Clearit.ca's Blog on Customs Brokerage and News Updates
Traveling abroad and thinking about bringing back a few items with you? Make your re-retry into Canada a lot easier by following the simple steps noted below. They’ll help you get through customs with much more ease at mind.
Coming home from a day trip across the border? If your trip was less than 24 hours, there are no personal exemptions for cross-border shoppers.
Returning after 24 and 48 hours
If you’re returning after 24 and 48 hours, you can claim goods of up to CAN$200 without paying any duty and taxes. You must have the goods with you when crossing back into Canada but be careful, tobacco products and alcoholic beverages are not included in this exemption. Spent over $200 in goods? You’ll have to pay full duties on all goods you’re bringing in.
Returning after 48 hours or more
The longer the stay, the larger the exemption. If you’re returning after 48 hours or more, you can claim goods worth up to CAN$800 without having to pay any duty and taxes. As usual, you need to have the goods with you at the moment you’ll be crossing back into Canada.
This time, tobacco and alcoholic beverages are allowed, but in limited quantities: you can bring back up to 1.5 litres of wine or 1.14 litres of alcoholic beverages or 8.5 litres of beer. In terms of tobacco products that translates into: 200 cigarettes, 50 cigars, 200 grams of manufactured tobacco and 200 tobacco sticks. Some tobacco products and alcoholic beverages may be included in your personal exemption but should exceed that exemption limit, special rates will apply.
After 7 days or more
Similarly to those returning after 48 hours, you can claim goods up to CAN$800 without paying any duty or taxes although this time, you can have only a portion of your tobacco goods or alcoholic beverages with you – the rest can arrive later, as goods to follow. The quantities of those two specific products remain the same as for those returning after 48 hours.
Part of the year abroad
So you’ve spent a few months away from home outside of Canada and you’re finally coming back? Well, you’re entitled to the same exemptions as those who spend 7 days or more outside of the Great White North. If you’re tempted to bring back that great car you purchased while living away from home, be sure you meet all import requirements and of course, pay all applicable duty and taxes.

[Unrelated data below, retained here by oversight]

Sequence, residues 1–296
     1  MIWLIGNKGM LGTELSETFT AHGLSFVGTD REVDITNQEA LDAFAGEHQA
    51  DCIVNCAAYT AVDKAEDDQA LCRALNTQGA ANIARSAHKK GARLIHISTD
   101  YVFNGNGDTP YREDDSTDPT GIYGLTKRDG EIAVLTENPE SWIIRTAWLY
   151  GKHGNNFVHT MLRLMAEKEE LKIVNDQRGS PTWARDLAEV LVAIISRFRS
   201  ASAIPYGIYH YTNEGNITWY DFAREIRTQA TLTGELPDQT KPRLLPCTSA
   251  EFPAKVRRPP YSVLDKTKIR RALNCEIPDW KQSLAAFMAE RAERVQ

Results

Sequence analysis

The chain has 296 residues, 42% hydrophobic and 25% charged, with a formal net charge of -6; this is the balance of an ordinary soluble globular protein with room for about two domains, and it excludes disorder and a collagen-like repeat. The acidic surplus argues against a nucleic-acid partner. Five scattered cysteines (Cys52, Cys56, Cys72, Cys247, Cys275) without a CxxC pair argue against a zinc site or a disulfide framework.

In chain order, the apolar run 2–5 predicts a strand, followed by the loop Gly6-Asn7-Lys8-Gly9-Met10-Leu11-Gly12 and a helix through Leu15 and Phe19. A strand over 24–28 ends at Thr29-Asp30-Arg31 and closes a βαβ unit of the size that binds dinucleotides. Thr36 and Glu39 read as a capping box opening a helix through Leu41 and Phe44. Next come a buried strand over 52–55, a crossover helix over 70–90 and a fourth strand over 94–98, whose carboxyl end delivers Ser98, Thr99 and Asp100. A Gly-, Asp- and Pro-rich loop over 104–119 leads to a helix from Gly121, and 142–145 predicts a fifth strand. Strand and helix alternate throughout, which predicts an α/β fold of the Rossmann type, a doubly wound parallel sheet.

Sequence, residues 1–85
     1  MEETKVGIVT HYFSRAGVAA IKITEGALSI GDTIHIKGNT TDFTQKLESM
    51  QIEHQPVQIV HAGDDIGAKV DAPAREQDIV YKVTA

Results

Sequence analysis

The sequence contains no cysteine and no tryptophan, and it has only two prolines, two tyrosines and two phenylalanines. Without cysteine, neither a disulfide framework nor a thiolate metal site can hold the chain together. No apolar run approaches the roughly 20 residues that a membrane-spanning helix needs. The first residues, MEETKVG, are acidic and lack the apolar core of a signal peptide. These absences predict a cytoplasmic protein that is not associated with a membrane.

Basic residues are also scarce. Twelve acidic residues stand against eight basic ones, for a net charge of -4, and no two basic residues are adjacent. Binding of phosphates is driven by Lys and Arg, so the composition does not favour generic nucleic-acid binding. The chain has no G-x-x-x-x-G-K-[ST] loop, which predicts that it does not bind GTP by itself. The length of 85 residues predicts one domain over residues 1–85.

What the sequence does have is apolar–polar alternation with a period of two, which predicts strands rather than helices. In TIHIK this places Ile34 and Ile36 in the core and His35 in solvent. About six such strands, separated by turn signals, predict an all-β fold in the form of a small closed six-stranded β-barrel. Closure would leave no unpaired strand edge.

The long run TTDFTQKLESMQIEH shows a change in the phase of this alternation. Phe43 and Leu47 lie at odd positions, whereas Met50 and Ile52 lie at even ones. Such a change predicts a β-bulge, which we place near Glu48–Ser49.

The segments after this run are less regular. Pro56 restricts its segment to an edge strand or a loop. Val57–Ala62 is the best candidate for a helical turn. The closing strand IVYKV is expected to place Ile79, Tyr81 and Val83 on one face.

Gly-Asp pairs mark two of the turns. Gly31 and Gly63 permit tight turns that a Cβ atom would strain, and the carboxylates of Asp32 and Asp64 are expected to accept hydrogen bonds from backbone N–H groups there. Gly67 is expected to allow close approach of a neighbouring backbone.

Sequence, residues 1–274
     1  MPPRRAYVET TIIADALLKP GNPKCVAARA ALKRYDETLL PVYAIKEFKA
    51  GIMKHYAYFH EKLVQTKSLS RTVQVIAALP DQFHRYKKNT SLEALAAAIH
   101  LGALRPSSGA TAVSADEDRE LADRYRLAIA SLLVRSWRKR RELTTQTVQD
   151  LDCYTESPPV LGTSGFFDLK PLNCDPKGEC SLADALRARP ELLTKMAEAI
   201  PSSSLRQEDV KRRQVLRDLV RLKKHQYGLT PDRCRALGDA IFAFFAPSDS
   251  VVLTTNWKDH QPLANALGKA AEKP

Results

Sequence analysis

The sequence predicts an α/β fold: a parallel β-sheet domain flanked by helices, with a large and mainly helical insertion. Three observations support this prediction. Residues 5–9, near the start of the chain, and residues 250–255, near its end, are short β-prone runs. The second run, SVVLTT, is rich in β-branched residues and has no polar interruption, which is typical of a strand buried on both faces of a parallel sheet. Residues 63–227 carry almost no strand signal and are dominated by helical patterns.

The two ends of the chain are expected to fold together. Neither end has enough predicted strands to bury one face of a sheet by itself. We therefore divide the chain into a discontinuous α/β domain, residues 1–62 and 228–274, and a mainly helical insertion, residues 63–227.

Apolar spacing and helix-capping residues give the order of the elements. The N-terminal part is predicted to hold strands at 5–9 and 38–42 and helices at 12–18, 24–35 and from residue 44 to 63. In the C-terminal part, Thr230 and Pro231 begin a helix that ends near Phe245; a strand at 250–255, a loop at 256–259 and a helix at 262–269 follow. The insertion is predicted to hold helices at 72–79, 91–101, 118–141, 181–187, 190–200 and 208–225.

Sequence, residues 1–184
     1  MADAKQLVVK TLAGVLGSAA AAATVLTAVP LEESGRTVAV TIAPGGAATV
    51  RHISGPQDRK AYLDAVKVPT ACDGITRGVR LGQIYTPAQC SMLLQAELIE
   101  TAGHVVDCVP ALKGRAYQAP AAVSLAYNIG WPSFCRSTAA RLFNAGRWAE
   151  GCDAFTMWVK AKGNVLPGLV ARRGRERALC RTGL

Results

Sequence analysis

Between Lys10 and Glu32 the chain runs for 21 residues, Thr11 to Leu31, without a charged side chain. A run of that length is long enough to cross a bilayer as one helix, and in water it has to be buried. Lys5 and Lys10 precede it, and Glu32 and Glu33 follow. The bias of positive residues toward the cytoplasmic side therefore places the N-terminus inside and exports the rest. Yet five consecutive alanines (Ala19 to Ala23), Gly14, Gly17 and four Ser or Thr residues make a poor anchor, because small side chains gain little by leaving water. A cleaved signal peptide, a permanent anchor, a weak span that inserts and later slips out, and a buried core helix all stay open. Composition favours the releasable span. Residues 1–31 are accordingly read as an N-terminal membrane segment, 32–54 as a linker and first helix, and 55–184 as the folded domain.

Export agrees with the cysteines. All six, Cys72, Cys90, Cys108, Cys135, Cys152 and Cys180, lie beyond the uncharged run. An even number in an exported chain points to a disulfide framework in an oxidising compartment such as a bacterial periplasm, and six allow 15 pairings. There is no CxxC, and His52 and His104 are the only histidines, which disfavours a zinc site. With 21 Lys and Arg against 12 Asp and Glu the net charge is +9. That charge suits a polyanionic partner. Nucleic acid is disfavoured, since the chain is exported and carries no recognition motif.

Good to know
Truth be told, you can bring back any amount of goods as long as you’re willing to pay for the duty and taxes that apply.
- You’re eligible for a personal exemption if you’re a Canadian resident returning from a trip outside of Canada; a former resident of Canada returning to live in Canada or a temporary resident of Canada returning from a trip outside the country.
- Young children and infants are also entitled to a personal exemption: as the parent / guardian you need to make the declaration on their behalf just as long as the goods you’ll be declaring are for the child’s use.
- You cannot combine your exemption with someone else’s exemption.
- You can’t combine your 48-hours exemption with you seven-day exemption to make up one big exemption for CAN$1,600.
- The goods you bring back and include in your personal exemption should be for personal or household use like souvenirs and gifts. Anything brought back for commercial use or for another person doesn’t qualify for the exemption.
Have your receipts ready when making your declaration. Be prepared to make an accurate declaration in Canadian dollars of the amount of goods you’re bringing back.
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